Facts about a Concussion

By: Amber Fredrickson, DPT

What is a concussion?
A concussion is a brain injury caused by a direct or indirect force to the head or body that changes how the brain functions.

General symptoms:

  • Headache
  • Dizziness
  • Nausea/vomiting
  • Sleep disturbances
  • Drowsiness
  • Poor balance and coordination
  • Visual problems
  • Sensitivity to light or noise
  • Fogginess
  • Difficulty concentrating
  • Poor memory
  • Emotional changes including anxiety, irritability or depression
  • If these symptoms occur seek emergency medical assistance:

  • Persistent worsening of drowsiness or cannot be awakened
  • Persistent worsening of confusion
  • Persistent worsening headache or neck pain
  • Persistent vomiting (more than 2x)
  • Unequal pupil size
  • Seizure
  • Blurred/double vision, slurred speech, or loss of motor function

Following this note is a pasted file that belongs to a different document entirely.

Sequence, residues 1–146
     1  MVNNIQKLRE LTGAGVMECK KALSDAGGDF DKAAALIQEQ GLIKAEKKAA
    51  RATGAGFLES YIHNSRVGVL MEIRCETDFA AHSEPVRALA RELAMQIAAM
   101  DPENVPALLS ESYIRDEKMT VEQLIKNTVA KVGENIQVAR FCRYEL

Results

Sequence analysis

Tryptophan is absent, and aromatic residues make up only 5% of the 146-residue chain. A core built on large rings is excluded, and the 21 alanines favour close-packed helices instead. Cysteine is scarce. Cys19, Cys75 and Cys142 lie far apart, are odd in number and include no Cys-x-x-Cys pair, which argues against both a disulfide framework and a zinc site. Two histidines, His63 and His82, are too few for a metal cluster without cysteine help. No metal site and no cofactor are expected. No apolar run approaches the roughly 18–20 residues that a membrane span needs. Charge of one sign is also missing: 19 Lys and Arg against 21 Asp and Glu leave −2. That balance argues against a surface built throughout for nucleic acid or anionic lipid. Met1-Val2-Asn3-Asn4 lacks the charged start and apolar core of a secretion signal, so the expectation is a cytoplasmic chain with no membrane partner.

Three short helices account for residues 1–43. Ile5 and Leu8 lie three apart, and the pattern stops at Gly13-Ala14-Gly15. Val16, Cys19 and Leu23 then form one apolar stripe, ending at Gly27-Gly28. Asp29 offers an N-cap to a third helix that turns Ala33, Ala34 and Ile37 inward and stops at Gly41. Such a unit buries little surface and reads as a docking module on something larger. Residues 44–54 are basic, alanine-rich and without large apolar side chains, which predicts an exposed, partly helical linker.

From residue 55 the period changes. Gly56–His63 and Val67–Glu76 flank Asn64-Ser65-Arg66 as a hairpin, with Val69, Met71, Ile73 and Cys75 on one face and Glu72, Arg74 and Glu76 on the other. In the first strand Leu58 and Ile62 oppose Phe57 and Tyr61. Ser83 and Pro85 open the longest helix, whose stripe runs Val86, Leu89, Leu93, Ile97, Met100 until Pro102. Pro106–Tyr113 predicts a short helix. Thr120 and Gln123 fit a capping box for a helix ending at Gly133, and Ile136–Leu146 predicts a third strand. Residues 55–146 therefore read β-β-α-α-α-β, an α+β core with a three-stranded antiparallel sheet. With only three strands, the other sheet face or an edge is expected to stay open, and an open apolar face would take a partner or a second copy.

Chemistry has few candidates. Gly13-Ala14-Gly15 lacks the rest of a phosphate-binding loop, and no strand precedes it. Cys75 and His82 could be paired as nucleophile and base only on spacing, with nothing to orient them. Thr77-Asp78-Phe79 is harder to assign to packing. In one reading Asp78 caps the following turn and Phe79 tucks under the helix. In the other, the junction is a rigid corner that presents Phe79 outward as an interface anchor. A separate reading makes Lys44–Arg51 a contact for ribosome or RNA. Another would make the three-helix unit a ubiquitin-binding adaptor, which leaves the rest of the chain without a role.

• Change in behavior (irritability, agitation, or aggression)
  • Recovery may be prolonged by: multiple concussions, history of migraines, learning or behavioral problems, symptoms of amnesia, fogginess, dizziness, anxiety or depression

    Recovery can be assisted by: receiving appropriate therapies, drinking plenty of water, getting 8-10 hours of sleep each night, proper nutrition, wearing noise cancelling headphones and sunglasses to help reduce sound and light sensitivity

    Stages to returning to activity following a concussion:

  • STAGE 1: REST! Physical and cognitive rest with symptom-guided activity
  • STAGE 2: Preparing for school and light exercise
  • STAGE 3: Back to school with accommodations; light, individual activity
  • STAGE 4: Normal school routines with some restrictions; no-contact sports practice
  • STAGE 5: Complete return to school activities; contact sports practice
  • STAGE 6: Return to full activity level; full sports/game activity
  • Children should return to school full time without symptoms prior to returning to sports (Stages 4-6). **PROGRESS TO NEXT STAGE AS TOLERATED ONCE SYMPTOM FREE FOR 24 HOURS**

    For more information about concussions, please visit: Center of Disease Control: Heads Up